* Originally published on May 5th on ALTLDN blog
Lights, neon and drama. The Other Art Fair was given a stroke of sleaze earlier in April when Lights of Soho put on a provocative exhibition.
The Other Art Fair is the bi-annual pop-up hub where the artistic, trendy and progressive go to splash their cash on obscure bits of art. It’s a got a little more mystery and quirk to its character than your usual haughty art fair and is famed for being wonderfully left-field.
Tickets went for £8 – £12 which seems a tad expensive considering you’re expected to buy something whilst there. But there’s a lot to take in and enjoy – should you wish to save your money.
This April, the fair was held at London’s distinguished Victoria House where designer-clad members of the fash-pack usually gather during London Fashion Week. On this occasion, the lower floor of Victoria House was transformed into an art-adorned labyrinth. Large canvas boards covered in contemporary artwork formed walls in the middle of huge rooms – it was a maze of craft.
28-year-old Rachael Powell – first time visitor to the exhibition – said, “There’s such a selection here and all the pieces are from artists who I’ve never even heard of. I was so excited to come and check it out!”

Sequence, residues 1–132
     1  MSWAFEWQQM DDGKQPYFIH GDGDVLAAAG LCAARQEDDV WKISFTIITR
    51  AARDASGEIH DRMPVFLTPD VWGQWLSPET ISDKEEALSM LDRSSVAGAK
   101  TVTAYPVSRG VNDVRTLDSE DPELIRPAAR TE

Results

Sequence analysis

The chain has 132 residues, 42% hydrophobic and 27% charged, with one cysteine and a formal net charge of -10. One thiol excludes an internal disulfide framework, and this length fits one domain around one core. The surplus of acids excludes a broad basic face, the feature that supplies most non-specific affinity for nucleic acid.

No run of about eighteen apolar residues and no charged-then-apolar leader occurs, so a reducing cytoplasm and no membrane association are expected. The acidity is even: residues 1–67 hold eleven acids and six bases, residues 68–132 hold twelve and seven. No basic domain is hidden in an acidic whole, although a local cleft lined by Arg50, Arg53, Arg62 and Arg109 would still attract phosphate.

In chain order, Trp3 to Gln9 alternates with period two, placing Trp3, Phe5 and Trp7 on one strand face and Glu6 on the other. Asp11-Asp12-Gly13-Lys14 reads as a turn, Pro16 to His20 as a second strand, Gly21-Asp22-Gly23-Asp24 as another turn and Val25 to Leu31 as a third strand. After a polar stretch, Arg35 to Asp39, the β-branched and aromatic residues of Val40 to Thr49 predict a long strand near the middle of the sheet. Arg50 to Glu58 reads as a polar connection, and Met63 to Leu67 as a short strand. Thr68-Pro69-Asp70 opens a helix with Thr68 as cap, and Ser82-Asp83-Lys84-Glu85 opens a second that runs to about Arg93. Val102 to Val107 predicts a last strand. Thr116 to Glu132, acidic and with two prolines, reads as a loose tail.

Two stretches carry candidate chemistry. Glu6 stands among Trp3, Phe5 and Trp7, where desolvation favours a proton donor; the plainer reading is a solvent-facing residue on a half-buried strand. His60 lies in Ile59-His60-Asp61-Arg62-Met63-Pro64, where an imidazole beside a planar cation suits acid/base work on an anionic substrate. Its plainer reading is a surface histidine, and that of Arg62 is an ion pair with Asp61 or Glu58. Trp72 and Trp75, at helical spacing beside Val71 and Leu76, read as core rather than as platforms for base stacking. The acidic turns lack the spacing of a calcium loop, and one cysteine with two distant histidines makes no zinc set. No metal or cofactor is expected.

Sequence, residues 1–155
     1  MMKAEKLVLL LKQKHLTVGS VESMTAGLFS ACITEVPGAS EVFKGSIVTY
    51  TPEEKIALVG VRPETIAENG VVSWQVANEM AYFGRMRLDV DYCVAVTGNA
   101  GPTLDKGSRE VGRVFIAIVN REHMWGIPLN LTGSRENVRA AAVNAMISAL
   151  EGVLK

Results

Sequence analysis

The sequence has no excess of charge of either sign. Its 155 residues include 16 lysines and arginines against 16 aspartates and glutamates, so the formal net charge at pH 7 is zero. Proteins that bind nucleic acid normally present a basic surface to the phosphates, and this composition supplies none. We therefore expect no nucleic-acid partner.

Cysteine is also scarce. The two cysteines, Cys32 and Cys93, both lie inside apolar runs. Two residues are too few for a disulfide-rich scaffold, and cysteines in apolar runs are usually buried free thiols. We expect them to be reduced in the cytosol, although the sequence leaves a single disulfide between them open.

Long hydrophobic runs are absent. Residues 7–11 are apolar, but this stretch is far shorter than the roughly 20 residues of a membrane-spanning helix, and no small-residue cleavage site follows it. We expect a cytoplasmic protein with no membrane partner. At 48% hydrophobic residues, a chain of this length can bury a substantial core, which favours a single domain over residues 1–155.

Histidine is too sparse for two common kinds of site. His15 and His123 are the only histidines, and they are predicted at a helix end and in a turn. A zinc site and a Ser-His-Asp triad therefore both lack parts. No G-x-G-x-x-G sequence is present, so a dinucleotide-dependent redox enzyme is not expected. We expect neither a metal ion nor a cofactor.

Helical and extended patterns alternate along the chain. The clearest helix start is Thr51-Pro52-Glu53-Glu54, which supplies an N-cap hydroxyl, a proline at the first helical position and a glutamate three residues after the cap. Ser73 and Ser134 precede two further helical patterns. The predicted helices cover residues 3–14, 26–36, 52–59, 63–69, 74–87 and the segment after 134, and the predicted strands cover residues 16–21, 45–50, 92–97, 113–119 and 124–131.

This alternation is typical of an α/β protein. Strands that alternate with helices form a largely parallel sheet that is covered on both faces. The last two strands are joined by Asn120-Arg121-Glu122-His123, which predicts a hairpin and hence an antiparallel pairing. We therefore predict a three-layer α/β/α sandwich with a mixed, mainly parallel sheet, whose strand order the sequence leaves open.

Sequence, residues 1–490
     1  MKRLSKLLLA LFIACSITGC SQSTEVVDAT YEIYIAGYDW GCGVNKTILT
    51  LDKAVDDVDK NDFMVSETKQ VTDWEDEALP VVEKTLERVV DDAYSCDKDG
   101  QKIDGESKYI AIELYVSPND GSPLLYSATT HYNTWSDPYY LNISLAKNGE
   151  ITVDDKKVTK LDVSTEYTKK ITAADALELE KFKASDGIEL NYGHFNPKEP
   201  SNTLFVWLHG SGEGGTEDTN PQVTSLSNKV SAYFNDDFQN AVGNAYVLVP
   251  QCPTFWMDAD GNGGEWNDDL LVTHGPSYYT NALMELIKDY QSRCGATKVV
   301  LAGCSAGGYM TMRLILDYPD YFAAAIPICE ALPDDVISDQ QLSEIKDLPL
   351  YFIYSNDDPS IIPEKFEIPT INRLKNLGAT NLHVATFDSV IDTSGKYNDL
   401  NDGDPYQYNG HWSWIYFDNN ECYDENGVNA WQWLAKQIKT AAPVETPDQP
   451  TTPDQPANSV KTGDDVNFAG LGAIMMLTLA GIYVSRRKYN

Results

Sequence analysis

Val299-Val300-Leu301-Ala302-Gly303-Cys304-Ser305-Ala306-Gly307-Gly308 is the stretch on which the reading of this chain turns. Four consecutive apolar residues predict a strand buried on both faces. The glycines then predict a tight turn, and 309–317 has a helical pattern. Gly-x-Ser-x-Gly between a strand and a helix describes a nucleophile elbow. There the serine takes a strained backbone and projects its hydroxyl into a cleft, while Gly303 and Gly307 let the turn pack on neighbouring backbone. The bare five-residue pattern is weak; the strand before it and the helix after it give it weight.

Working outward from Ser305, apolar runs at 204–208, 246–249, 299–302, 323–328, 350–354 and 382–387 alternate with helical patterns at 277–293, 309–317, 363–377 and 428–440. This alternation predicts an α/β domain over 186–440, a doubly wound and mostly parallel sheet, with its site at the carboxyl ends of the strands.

Performance art from Sarah Maple – curated by Comment is Free – highlighted the dark side of internet comment sections. Funny, rude and abusive comments were written on various sandwich boards – some of which were worn by Maple throughout the day. It was uncomfortable and deeply poignant.
Lights of Soho manager Louis Brown said, “I think people are drawn to the lights and are quite interested in the stories behind them. I think it’s the vibrancy of them, they are quite powerful and punchy pieces.”
From a darkened – almost secluded – section of the fair, dazzling neon lights beckoned onlookers. The exhibition itself was cordoned off with velvet ropes – giving it an almost seedy nightclub vibe. A glaring sign screamed ‘GIRLS GIRLS GIRLS’.
Brown said, “Neon lights have been used for decades now, especially for the adult establishments of Soho. The pieces used the same motifs as fairgrounds and subvert that in order to use it for adult entertainment,
They’re not passive pieces of art and they’re very engaging. They really do spark off a conversation.”
Pieces from Lights of Soho were priced at around £45 to £1800; more affordable printed designs were on offer as well as the lights themselves. Among some of the newest talent to be showcased was Dijon Dajee, who experiments largely with LED lights.
Dajee said, “The works are experiential in that they need to be seen to be understood. I think photographs are relied on too much in today’s world and are too easily compartmentalised on the basis of their image. I think that you need to involve some sort of human interaction with art.”
The Lights of Soho added a wonderful spark to The Other Art Fair, raising the profile of some great neon artists.
Brown said, “We always like to support these artists and give them the prominence that we feel they deserve.”